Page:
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  #9181  
Old Posted Feb 4, 2016, 6:20 PM
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Originally Posted by bunt_q View Post
If you have 20 minutes there was a good interview on CPR today, David Sachs vs. the CDOT spokesperson for the I-70 project.
Bunt, can you clarify if what Sachs says regarding FASTER permitting the state to turn general purpose lanes on interstate highways into managed lanes is accurate?

From what I gather, FASTER does permit this on state highways, but this wouldn't be feasible for interstate highways that were built as part of the Federal Highway Act as there is only a limited federal tolling pilot program that is completely filled up with existing projects and would require Congressional action to be opened up further.
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  #9182  
Old Posted Feb 4, 2016, 6:40 PM
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Originally Posted by wong21fr View Post
Bunt, can you clarify if what Sachs says regarding FASTER permitting the state to turn general purpose lanes on interstate highways into managed lanes is accurate?

From what I gather, FASTER does permit this on state highways, but this wouldn't be feasible for interstate highways that were built as part of the Federal Highway Act as there is only a limited federal tolling pilot program that is completely filled up with existing projects and would require Congressional action to be opened up further.
At a bar, sure. I would agree with him that it isn't impossible. I would also say that it's nearly impossible.
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  #9183  
Old Posted Feb 4, 2016, 6:43 PM
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At a bar, sure. I would agree with him that it isn't impossible. I would also say that it's nearly impossible.
Okay. Bar. Beer.
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Last edited by wong21fr; Feb 4, 2016 at 7:00 PM.
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  #9184  
Old Posted Feb 4, 2016, 7:09 PM
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You guys are kind of narrowing in on my beef with this particular line of criticism against this project. Right, wrong, or otherwise, people like Sachs and the folks at COPIRG are asking for the near impossible. In a city that has nowhere near the walking or transit culture, they are asking that we act like San Francisco and remove a freeway. It just seems like they are about 20-30 years too early in fighting this kind of fight, and the energy would be better spent doing something positive like advocating for better inner-city transit. Instead, they're wasting their time, breath, and potentially even making enemies; going negative and trying to throw sand in the gears of a project that most agree needs to happen sooner than later for reasons other than just congestion.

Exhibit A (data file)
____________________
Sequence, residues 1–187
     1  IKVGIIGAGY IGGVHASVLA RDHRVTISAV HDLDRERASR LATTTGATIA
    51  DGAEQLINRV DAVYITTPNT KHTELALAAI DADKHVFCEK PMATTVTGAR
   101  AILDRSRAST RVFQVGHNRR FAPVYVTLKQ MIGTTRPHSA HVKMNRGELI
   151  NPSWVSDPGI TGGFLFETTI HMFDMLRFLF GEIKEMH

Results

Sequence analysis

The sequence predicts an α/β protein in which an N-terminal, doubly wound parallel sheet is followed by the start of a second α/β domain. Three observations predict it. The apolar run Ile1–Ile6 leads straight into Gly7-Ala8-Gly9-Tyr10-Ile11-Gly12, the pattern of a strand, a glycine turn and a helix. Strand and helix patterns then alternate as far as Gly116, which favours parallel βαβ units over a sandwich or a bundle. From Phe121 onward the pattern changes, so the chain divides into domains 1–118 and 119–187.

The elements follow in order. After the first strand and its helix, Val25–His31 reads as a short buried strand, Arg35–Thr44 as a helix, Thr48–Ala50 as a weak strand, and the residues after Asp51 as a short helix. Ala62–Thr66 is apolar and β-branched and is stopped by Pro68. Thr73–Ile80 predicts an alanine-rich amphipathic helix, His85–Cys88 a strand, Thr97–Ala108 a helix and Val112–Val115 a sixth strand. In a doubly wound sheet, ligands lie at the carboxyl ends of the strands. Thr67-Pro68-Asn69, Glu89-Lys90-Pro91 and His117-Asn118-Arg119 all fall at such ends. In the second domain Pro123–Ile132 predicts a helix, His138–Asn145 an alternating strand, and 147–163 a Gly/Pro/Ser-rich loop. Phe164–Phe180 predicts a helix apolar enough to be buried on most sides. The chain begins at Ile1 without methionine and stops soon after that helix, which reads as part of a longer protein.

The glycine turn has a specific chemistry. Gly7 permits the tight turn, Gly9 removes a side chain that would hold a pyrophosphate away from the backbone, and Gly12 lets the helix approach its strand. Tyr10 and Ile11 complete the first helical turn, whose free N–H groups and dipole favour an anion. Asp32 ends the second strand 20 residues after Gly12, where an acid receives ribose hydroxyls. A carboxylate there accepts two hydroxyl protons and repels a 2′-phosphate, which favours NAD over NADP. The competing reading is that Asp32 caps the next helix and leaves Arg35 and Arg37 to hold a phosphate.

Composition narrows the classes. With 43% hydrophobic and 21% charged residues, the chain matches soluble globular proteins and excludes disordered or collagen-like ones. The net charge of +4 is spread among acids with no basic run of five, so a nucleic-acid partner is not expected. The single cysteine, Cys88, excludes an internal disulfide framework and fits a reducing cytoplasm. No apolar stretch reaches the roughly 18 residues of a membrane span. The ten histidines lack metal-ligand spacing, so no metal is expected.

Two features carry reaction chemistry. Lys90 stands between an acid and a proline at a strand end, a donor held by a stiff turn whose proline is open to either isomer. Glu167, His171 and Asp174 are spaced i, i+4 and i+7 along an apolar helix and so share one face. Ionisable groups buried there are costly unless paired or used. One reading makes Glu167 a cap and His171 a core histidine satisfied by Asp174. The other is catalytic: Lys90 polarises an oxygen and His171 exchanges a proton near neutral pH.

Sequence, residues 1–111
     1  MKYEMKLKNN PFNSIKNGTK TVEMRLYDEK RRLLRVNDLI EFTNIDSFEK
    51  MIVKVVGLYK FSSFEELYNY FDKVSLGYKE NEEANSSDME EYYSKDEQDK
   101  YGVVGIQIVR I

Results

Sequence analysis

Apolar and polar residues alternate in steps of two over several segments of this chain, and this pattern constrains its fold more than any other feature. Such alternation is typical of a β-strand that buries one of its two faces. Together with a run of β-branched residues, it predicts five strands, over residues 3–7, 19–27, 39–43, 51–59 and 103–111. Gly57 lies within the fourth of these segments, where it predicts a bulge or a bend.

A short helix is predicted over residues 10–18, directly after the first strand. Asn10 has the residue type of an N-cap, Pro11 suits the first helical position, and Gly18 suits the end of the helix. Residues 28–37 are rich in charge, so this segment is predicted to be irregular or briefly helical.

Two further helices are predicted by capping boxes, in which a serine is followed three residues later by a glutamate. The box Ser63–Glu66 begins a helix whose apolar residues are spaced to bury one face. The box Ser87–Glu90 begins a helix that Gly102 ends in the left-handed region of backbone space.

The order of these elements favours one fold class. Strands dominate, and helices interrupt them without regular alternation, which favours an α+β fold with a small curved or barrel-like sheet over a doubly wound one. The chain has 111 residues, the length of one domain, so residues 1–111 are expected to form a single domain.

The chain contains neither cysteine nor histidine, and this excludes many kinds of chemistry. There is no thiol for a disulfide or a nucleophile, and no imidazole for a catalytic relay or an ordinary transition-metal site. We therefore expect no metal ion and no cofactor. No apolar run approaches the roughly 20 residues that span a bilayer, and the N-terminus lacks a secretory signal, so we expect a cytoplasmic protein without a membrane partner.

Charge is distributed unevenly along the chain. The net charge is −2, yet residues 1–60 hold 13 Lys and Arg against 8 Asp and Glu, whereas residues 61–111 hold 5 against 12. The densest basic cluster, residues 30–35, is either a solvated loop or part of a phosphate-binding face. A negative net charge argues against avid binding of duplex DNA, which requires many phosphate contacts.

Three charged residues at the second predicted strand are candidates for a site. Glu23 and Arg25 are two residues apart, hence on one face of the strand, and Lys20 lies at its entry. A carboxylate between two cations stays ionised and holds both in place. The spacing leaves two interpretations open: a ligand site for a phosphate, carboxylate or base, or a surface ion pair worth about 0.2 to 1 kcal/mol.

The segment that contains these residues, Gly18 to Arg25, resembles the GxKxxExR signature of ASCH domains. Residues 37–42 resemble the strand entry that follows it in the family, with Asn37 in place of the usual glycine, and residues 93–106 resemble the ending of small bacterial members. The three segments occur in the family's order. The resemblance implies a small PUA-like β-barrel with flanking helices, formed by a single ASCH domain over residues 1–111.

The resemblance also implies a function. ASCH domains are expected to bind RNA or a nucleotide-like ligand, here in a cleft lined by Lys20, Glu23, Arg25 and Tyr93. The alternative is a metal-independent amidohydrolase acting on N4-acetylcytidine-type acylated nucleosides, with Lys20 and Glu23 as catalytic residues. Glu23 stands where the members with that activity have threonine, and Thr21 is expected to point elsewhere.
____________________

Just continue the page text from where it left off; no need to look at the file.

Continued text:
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  #9185  
Old Posted Feb 4, 2016, 7:34 PM
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You guys are kind of narrowing in on my beef with this particular line of criticism against this project. Right, wrong, or otherwise, people like Sachs and the folks at COPIRG are asking for the near impossible. In a city that has nowhere near the walking or transit culture, they are asking that we act like San Francisco and remove a freeway. It just seems like they are about 20-30 years too early in fighting this kind of fight, and the energy would be better spent doing something positive like advocating for better inner-city transit. Instead, they're wasting their time, breath, and potentially even making enemies; going negative and trying to throw sand in the gears of a project that most agree needs to happen sooner than later for reasons other than just congestion.
There are so many other criticisms that can be leveled at the relocated I-70 crowd due to the impratical nature of their proposal that it's funny:

-Sachs and the like are also using spur freeways, nut thru freeways, in their examples of freeway removal which is a false comparison.

-The tree-lined boulevard replacement is really a 100,000 car per day major traffic corridor, the traffic will not simply move elsewhere along the street grid due to the nature of the I-70 corridor being Denver's logistics corridor with a ton of originating and terminating vehicle traffic (along with a ton of thru traffic). You'd be replacing I-70 with a street that has twice the daily traffic of Colorado Boulevard- a street that Sachs has vilified for being an auto nightmare. Just what kind of tree-lined boulevard with meandering bicycle facilities will support 100,000 vehicles per day? It's called a surface highway.